Chargé d’Affaires Colleen Hyland remarks at the Conference on Human Rights and the Integration of Marginalized Groups in Kosovo December 8, 2016
Good morning President Thaçi. Thank you for speaking out for the inclusion of all Kosovo citizens. It is an honor to join you In “Stand(ing) up for someone’s rights today!” – which is the theme of this year’s UN Human Rights Day.
A special note of gratitude is also due to our ATRC partners who implement USAID’s Engagement for Equity program that focuses on empowering marginalized groups in Kosovo and who organized today’s event.
And, let me extend a warm welcome to all supporters of human rights.
The State Department is also marking Human Rights Week, with today’s theme being “Democracy for All – Advancing Inclusive Democracy.”
Inclusivity is more than just a societal good, it is about fairness and equality; for women, for minorities, for persons with disabilities, and for members of the LGBTI community, all of whom face societal and official barriers and prejudice, in housing, education, employment, and medical care.
Inclusion also means the freedom of belief. I want to take this opportunity to express support for the draft Law on Religious Freedom, based on the Venice Commission’s recommendations, which is now in the Assembly. The law will protect religious communities, as well as maintain secular rights. This law supports human rights.
We know that Kosovo’s future, its ability to develop economically, to achieve further Euro-Atlantic integration, to fight corruption, and to advance in so many other areas, will take the efforts of all citizens. You simply cannot afford to exclude anyone.
We know the full integration of marginalized groups will tangibly benefit not only these groups but society as a whole. We have seen time and again that nations achieve their goals best when they have participation from across the spectrum.
I applaud the efforts of so many of you here today who have dedicated yourselves to the progress of human rights in Kosovo. Having served here during Kosovo’s independence I see first-hand how far this country has progressed.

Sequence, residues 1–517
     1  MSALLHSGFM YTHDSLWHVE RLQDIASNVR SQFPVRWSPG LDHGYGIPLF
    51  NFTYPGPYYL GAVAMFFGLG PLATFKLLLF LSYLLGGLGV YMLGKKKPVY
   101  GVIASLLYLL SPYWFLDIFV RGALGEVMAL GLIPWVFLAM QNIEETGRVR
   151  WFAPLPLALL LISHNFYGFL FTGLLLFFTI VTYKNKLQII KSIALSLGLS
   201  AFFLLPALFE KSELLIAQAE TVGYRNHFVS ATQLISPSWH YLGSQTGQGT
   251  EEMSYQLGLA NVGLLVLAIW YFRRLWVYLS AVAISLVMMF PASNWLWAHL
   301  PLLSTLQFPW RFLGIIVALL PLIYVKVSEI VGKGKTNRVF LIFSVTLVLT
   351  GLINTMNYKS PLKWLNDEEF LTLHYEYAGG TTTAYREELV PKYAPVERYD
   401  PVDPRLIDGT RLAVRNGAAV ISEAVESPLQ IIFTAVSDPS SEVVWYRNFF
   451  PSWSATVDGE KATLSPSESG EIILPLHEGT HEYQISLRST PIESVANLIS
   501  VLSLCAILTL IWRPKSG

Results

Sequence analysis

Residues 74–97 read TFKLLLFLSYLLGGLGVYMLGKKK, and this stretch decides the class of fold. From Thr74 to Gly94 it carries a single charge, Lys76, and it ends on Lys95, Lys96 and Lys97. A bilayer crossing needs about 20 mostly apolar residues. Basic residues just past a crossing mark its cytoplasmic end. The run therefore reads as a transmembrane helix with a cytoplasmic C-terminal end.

This year, for the third year in a row, LGBTI civil society groups organized a march on the International Day against Homophobia and Transphobia, in which 250 people, including President Thaçi, and Ambassador Delawie marched on Pristina’s main street. It is our hope the Advisory and Coordination Group will complete its Action Plan for LGBTI rights.
Recently Kosovo’s Central Election Commission created a digital mapping platform which allows persons with disabilities to be informed about polling centers, and to choose a more accessible location if needed. This remarkable initiative ensures the basic right to vote, as well as societal inclusion. Kosovo also approved a strategy for persons with disabilities, and adopted a Law on the Rights of People with Paraplegia and Quadriplegia.
However, challenges remain. Persons with disabilities still cannot access many schools, courts, and places of employment, because the strategy and law require government implementation.
Kosovo has made enormous progress but good laws alone, are not sufficient. Every community will have to decide that it is simply not acceptable to exclude their neighbors, to leave them outside the mainstream.
Here in Europe’s youngest country, where more than half the population is under 25, today’s conference is a call to action. There is much to be done to ensure all of Kosovo’s citizens have opportunities and are empowered to effect change in their communities.
The United States is proud to be your partner on these issues and will continue to stand with Kosovo and all of you here today, to advance human rights.
Congratulations to you all, for your tireless efforts to ensure Kosovo can develop and employ the full potential of all its people, and that Kosovo is a society where all voices are heard.